Home

Introduction

Self-help

Doctrine

Prayer

Recommended Readings

Spiritual Counsels

Consultation

Questions and Answers

Subject Index

Contact Me

Related Links

Psychological Healing
in the Catholic Mystic Tradition

Catholic Truths
That many Catholics now ignore

Excerpts from a sermon on the beatitudes by Saint Leo the Great, pope

 
Poverty

Blessed, Christ says, are the poor in spirit, for theirs is the kingdom of heaven. It might have been unclear to which poor He was referring, if after the words Blessed are the poor, He had not added anything about the kind of poor He had in mind. For then the poverty that many suffer because of grave and harsh necessity might seem sufficient to merit the Kingdom of Heaven. But when He says: Blessed are the poor in spirit, He shows that the Kingdom of Heaven is to be given to those who are distinguished by their humility of soul rather than by their lack of worldly goods.

—Saint Leo the Great, pope
(Office of Readings,
Thursday of the Twenty-Third Week in Ordinary Time)

 

Living in Poverty

Bt cannot be doubted that the poor can more easily attain the blessing of humility than those who are rich. In the case of the poor, the lack of worldly goods is often accompanied by a quiet gentleness, whereas the rich are more prone to arrogance.

Nevertheless, many rich people are disposed to use their wealth not to swell their own pride but to perform good and benevolent things. For these people the greatest treasure is what they spend in relieving the distress and hardship of others.

This virtue of benevolence is open to all men, no matter what their class or condition, because all can be equal in their willingness to give, however unequal they may be in earthly fortune. Indeed, their inequality in regard to worldly wealth makes no difference if they are equal in spiritual blessings.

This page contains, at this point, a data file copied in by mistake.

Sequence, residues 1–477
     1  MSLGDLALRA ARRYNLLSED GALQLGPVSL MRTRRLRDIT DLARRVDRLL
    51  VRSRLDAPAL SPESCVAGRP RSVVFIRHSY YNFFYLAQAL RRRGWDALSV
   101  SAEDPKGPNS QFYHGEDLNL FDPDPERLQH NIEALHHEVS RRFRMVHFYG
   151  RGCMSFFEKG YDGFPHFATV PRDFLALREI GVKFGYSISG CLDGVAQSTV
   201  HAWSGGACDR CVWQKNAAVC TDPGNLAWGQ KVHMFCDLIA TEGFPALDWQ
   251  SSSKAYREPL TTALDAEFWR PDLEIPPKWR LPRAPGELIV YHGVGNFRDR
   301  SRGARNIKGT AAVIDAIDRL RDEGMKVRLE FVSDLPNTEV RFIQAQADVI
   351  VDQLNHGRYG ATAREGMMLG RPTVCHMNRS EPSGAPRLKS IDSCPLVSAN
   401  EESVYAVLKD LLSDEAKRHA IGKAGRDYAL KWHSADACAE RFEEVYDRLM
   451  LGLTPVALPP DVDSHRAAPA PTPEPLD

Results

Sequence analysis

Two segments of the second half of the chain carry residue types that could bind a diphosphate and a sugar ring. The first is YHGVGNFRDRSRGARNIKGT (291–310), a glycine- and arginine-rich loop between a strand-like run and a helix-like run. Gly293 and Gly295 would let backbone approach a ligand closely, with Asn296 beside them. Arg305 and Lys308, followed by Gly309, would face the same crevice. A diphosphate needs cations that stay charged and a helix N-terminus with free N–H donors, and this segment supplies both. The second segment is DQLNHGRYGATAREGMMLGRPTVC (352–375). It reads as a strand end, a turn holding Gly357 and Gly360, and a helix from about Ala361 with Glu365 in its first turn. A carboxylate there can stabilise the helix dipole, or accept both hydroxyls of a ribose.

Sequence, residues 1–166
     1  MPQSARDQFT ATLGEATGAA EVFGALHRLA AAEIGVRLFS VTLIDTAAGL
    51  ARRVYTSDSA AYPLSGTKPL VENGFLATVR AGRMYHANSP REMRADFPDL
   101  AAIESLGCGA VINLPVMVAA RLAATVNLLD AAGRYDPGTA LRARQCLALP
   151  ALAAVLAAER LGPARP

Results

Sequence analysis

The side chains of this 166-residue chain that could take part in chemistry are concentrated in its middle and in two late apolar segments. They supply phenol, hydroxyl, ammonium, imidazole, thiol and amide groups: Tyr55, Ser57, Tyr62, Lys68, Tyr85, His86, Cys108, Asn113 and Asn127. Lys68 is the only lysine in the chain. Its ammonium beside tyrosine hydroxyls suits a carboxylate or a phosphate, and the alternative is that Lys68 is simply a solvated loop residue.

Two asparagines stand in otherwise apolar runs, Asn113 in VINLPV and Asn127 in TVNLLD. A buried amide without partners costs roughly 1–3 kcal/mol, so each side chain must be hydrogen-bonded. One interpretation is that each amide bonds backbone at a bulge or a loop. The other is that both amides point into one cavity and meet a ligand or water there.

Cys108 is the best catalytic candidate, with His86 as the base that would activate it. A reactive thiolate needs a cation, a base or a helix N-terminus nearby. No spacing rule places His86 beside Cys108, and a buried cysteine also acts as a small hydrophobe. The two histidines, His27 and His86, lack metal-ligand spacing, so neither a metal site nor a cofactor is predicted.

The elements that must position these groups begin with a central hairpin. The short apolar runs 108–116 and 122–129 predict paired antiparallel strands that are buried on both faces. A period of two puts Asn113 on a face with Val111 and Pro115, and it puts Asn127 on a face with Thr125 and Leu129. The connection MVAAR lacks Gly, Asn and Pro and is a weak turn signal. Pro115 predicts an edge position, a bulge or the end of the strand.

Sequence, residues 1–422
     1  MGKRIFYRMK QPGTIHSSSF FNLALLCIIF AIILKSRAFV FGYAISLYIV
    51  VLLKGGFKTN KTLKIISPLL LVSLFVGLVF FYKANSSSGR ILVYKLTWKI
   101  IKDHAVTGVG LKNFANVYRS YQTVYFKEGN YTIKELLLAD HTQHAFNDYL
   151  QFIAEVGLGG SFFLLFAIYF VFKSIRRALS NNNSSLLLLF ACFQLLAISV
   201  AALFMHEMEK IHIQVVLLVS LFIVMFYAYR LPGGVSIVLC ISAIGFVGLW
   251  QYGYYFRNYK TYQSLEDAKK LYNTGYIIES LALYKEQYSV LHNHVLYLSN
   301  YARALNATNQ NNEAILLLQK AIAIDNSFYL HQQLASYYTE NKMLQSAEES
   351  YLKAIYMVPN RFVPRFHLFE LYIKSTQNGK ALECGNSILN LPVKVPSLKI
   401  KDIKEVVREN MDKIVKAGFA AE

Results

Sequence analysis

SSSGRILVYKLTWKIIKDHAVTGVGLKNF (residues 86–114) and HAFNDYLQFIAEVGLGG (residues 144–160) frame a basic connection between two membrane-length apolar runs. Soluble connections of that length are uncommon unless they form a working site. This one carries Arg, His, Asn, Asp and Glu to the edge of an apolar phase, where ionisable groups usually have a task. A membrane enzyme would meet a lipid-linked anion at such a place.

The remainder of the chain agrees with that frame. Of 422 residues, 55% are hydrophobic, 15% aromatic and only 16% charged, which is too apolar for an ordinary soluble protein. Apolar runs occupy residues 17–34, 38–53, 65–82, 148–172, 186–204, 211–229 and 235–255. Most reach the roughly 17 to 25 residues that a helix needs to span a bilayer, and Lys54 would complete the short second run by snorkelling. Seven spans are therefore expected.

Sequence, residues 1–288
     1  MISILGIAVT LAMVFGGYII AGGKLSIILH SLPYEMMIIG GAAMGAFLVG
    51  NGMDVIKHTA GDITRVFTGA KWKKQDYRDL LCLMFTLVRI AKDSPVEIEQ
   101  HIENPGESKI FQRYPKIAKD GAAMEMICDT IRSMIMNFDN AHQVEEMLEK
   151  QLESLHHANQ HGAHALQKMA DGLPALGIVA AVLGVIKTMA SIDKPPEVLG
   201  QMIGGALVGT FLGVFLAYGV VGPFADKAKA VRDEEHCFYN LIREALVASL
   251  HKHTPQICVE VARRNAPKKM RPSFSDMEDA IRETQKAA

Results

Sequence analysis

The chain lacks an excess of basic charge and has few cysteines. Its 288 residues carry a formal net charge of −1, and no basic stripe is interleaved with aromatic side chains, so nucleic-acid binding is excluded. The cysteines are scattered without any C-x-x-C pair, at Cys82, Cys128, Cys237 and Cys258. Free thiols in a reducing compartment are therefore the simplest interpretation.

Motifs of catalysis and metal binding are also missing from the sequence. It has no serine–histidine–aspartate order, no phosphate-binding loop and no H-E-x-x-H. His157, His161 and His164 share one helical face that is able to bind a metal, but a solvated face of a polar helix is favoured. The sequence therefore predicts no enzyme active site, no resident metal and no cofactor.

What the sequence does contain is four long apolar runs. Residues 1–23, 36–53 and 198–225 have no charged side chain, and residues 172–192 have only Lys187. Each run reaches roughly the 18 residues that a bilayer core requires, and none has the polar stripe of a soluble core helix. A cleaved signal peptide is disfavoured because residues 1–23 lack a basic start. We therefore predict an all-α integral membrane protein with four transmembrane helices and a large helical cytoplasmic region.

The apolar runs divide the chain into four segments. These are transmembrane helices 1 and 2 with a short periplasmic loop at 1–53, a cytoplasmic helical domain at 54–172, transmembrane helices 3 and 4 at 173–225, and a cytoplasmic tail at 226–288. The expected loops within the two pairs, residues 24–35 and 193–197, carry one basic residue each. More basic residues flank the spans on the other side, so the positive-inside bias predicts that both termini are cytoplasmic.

Blessed, therefore, is that poverty which is not trapped by the love of earthly things and does not seek to be enriched by worldly riches, but desires rather to grow rich in the blessings of heaven.

—Saint Leo the Great, pope
(Office of Readings,
Friday of the Twenty-Third Week in Ordinary Time)

 

Religious Grief

Bfter preaching the blessings of poverty, the Lord went on to say, Blessed are they who mourn, for they shall be comforted. But the mourning for which He promises eternal consolation, dearly beloved, has nothing to do with ordinary worldly distress; for the tears which have their origin in the sorrow common to all mankind do not make anyone blessed. There is another cause for the sighs of the saints, another reason for their blessed tears. Religious grief mourns for sin, one’s own or another’s; it does not lament because of what occurs as a result of God’s justice, but because of what is done by human malice. Indeed, he who does wrong is more to be lamented than he who suffers it, for his wickedness plunges the sinner into doom, whereas endurance can raise the just man to glory.

—Saint Leo the Great, pope
(Office of Readings,
Saturday of the Twenty-Third Week in Ordinary Time)

 

Desire for God

Bhen the soul hears the voice of the Spirit saying to it through the prophet: Taste and see that the Lord is good, it has already received a portion of God’s goodness, and is on fire with love, the love that gives joy of the utmost purity. It counts as nothing all that belongs to time; it is entirely consumed with desire to eat and drink the food of righteousness. The soul lays hold of the true meaning of the first and great commandment: You shall love the Lord God with your whole heart, and your whole mind and your whole strength, for to love God is nothing else than to love righteousness.